A fan of the twins may bemoan the rain, but the target field was built to get wet

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MINNEAPOLIS (TUSEN) – Baseball fans heading to the Minnesota Twins’ opener won’t have to worry about freezing temperatures like in previous years – but they will likely need an umbrella.

Rain is expected on Thursday, enough to possibly delay the game but hopefully not postpone it. The good news is that the terrain was designed with this type of weather in mind.

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A new set of lines in the outfield here, a spot check of the grass there. It’s about sprinkling your I’s and crossing your T’s at this point, as the pitch has grown at Target Field. Larry DiVito is the head of the garden.

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“It was a good spring. Probably the second easiest we’ve had since opening, ”said DiVito.

When you consider that some years have included shoveling snow and increasing the heat under an icy field to prepare for the home opener, it’s no wonder that DiVito’s stress level is low.

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“Reaching our level of playability was no different than it would have been in May,” he said.

(credit: TUSEN)

But they are not out of the inclement weather yet, with a solid rainstorm expected early Thursday before the game. It has also rained from time to time since Tuesday evening. Fortunately, this is nothing the crew and infrastructure under the grass cannot handle.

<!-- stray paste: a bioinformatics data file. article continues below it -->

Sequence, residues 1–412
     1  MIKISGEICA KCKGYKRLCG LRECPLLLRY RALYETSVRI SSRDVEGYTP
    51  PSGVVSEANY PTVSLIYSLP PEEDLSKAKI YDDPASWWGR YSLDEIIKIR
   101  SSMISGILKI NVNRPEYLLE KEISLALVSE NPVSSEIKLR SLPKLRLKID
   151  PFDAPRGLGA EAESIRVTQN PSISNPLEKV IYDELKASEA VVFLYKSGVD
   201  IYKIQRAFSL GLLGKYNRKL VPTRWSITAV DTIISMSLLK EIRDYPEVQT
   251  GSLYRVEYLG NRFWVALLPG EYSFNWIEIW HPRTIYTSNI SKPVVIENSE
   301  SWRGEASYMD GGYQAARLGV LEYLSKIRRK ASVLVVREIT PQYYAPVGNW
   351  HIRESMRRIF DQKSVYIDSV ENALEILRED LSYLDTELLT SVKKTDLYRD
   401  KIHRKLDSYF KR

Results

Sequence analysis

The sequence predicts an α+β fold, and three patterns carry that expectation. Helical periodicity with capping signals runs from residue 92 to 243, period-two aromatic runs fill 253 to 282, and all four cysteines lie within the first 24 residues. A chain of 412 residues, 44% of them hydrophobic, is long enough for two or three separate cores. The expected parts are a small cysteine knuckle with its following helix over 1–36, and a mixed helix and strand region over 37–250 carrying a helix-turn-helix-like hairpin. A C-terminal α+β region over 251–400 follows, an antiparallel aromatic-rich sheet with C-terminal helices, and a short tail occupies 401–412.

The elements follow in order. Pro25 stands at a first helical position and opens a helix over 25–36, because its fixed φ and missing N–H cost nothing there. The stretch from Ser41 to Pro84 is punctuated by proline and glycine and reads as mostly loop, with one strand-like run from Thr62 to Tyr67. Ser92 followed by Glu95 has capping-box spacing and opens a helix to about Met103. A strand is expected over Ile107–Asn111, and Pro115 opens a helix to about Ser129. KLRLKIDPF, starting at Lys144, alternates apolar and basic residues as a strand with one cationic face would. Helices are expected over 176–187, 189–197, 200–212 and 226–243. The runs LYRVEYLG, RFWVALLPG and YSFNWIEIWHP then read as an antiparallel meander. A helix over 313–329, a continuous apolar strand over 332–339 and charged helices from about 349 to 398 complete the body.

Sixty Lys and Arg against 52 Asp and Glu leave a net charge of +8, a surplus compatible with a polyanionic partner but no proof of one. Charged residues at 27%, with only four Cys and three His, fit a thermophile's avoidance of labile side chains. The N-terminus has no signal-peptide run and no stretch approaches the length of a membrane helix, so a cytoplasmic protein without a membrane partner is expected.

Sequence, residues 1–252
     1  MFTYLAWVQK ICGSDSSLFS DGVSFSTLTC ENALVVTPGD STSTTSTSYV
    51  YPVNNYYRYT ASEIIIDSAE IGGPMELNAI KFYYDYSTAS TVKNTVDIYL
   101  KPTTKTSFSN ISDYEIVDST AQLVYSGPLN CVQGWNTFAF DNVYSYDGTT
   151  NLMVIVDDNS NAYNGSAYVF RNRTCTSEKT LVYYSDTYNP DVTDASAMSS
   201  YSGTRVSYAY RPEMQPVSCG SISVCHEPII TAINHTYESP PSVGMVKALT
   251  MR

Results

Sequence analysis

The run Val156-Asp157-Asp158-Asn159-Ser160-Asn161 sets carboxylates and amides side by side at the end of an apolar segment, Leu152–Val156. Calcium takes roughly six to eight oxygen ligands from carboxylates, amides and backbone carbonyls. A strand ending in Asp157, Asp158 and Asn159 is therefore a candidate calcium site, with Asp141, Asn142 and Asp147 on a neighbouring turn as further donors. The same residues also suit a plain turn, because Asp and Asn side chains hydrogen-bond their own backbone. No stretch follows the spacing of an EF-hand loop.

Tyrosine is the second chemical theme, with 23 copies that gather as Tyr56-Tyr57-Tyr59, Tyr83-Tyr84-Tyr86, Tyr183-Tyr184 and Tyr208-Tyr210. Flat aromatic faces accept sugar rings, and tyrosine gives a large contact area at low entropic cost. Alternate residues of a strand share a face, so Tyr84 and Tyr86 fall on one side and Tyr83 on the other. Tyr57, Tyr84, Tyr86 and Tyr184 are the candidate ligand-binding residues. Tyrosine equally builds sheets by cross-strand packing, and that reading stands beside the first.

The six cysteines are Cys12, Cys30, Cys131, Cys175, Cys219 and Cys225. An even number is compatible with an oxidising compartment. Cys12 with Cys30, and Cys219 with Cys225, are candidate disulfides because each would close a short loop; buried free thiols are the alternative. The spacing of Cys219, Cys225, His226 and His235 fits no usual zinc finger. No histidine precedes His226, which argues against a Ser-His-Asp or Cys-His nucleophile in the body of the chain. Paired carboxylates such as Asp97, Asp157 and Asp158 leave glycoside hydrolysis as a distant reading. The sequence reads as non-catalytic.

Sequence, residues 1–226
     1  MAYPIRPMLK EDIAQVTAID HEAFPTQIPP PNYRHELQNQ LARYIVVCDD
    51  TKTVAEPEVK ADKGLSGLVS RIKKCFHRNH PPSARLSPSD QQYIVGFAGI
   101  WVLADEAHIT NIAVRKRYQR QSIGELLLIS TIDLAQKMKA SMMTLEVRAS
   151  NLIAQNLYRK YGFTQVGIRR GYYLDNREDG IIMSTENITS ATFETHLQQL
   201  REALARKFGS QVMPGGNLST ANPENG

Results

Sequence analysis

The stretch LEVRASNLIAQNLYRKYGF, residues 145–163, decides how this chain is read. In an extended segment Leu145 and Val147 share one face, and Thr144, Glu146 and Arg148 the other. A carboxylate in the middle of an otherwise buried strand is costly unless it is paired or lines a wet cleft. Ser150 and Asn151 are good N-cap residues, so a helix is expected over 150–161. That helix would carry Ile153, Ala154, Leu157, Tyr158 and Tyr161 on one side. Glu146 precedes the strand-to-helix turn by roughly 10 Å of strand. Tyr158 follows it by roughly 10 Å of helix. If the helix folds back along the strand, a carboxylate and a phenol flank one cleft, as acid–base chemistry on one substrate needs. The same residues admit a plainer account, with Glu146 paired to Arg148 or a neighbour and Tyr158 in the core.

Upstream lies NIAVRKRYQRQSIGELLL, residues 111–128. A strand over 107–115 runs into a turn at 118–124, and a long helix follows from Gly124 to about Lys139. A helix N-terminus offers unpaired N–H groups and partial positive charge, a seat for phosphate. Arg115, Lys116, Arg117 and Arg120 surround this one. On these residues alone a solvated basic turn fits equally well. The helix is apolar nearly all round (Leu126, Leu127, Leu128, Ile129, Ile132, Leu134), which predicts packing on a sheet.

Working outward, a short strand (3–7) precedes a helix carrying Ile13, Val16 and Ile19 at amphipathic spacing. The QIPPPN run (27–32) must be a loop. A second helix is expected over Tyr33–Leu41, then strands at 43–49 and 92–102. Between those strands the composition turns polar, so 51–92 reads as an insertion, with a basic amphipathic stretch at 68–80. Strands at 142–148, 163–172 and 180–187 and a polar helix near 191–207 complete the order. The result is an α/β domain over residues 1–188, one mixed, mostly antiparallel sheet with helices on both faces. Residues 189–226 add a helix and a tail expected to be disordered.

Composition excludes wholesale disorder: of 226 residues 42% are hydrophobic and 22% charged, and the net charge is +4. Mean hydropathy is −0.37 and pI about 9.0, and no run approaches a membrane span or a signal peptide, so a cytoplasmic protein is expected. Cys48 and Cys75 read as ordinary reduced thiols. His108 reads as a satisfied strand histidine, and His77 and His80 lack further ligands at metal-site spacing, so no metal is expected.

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“We built this [stadium] on very aggressively drained sand. So it’s actually a 100,000 square foot golf green, I call it, ”said DiVito.

It’s almost like a layer of sand and gravel cake in the ground under already porous grass. There are also drain pipes installed every 10 feet.

“The industry standard is 15 feet, so we have a tighter gap on the drain lines,” he said.

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Much of this rainwater is filtered, stored, and then reused for tasks such as stand washing or irrigation. In essence, a storm here and there is actually a good thing.

“My preference is just a couple, one or two heavy rains a week, that’s great,” DiVito said with a smile.

But maybe not in the middle of a game.

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The under-field stormwater recycling system is estimated to save over 2,000,000 gallons of water per year.

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